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Health care workers exempt from vaccine mandate, for now: Judges

Following the actions of two federal judges, U.S. health care workers will not have to abide by a federal rule requiring they be vaccinated against COVID-19, pending further court action.

On Nov. 29, Judge Matthew T. Schelp of the U.S. District Court for the Eastern District of Missouri delivered a preliminary injunction against the mandate for 10 states that are plaintiffs in Missouri et al v. Biden. This suit would invalidate the mandate, effected by a CMS rule published on Nov. 5, that requires millions of U.S. health care workers be at least partially vaccinated against COVID-19 by Dec. 5 (PBN 11/22/21). 
Plaintiffs charge that the mandate is “unconstitutional” and “threatens to exacerbate an alarming shortage of healthcare workers, particularly in rural communities” of the sort that predominate in the 10 plaintiff states: Alaska, Arkansas, Iowa, Kansas, Missouri, Nebraska, New Hampshire, North Dakota, South Dakota and Wyoming. 

“Whatever might make sense in New York City, St. Louis, or Omaha could be decidedly counterproductive and harmful in rural communities like Memphis, Missouri or McCook, Nebraska,” the suit further states.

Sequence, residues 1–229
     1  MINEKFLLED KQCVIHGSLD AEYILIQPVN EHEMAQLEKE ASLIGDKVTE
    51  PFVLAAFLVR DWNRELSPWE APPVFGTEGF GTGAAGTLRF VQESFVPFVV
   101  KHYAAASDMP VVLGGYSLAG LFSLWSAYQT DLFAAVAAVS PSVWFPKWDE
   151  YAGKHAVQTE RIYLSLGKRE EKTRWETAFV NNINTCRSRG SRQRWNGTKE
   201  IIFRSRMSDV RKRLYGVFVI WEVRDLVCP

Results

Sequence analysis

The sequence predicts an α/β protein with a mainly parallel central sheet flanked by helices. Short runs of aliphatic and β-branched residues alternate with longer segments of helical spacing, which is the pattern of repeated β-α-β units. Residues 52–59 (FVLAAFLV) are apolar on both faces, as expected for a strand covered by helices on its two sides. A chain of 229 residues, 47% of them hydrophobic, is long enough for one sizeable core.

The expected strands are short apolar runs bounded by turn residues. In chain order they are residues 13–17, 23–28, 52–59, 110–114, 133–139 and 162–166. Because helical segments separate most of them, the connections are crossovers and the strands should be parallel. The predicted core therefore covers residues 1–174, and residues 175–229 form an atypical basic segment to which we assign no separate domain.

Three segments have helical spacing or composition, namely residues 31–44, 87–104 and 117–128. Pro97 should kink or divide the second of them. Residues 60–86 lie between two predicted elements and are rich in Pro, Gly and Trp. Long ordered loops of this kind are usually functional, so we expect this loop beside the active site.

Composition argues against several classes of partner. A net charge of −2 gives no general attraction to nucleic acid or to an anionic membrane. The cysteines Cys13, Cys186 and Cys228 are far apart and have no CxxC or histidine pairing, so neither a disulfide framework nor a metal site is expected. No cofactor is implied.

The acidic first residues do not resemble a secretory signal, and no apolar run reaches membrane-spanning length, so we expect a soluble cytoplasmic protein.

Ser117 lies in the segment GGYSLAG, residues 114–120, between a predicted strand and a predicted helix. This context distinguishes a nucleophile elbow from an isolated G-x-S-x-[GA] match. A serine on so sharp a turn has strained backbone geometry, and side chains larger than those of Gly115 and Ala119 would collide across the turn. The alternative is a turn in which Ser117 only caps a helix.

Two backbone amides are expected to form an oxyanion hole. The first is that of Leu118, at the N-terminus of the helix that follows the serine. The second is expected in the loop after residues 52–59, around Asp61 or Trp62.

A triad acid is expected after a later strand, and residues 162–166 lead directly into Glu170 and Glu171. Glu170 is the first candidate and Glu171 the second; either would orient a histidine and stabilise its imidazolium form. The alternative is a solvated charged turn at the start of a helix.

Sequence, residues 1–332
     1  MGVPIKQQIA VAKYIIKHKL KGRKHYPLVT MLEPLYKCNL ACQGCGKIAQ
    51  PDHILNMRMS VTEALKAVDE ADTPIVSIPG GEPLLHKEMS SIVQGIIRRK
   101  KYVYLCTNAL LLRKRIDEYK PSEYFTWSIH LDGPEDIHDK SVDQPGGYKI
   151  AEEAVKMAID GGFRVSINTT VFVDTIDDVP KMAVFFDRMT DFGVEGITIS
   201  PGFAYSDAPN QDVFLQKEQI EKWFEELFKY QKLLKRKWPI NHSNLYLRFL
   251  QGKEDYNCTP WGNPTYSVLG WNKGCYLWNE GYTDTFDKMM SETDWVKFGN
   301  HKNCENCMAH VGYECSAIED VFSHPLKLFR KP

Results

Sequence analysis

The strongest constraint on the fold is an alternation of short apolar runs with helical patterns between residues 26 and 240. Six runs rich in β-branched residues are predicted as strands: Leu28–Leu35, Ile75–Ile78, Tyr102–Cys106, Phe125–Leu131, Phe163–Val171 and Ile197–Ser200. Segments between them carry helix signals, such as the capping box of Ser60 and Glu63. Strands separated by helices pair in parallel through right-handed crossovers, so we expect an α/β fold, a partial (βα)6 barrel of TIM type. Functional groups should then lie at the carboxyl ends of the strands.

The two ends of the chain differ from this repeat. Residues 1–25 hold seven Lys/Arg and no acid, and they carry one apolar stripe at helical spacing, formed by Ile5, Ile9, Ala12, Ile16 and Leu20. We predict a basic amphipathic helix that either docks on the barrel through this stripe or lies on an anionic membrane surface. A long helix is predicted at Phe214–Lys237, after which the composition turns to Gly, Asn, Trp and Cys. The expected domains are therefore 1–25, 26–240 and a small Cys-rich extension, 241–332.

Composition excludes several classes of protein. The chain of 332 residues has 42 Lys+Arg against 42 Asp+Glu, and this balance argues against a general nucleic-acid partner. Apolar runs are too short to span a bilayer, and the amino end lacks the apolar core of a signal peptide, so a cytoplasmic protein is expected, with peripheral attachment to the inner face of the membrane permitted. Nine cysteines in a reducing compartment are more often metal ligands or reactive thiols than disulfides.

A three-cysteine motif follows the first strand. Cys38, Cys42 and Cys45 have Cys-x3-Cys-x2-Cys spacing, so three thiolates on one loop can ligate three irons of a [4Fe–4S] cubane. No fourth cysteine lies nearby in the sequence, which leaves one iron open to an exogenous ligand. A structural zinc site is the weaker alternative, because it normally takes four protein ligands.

The judge agreed with the plaintiffs’ claims and questioned the efficacy of the mandate in combating COVID-19, saying “the public would suffer little, if any, harm from maintaining the ‘status quo’ through the litigation of this case.” Finding Missouri’s case likely to succeed on the merits, Schelp issued a temporary injunction pending further court action.

The next day, Judge Terry A. Doughty of the U.S. District Court for Western Louisiana, hearing plaintiffs from 14 states in a similar suit, Lousiana et alia v. Becerra, decided that “due to the nationwide scope of the CMS Mandate, a nationwide injunction is necessary due to the need for uniformity,” and made the injunction national

Doughty found the plaintiffs in Louisiana likely to prevail on grounds similar to those cited in Missouri, and went further, declaring “it is not clear that even an Act of Congress mandating a vaccine would be constitutional.”  He also questioned the need for widespread COVID-19 vaccination: "The rejection of natural immunity as an alternative [to vaccination] is puzzling," Doughty wrote, "... If boosters are needed six months after being ‘fully vaccinated,’ then how good are the COVID-19 vaccines, and why is it necessary to mandate them?”
Both cases are still in progress; follow Part B News for further developments.
Blog Tags: COVID-19
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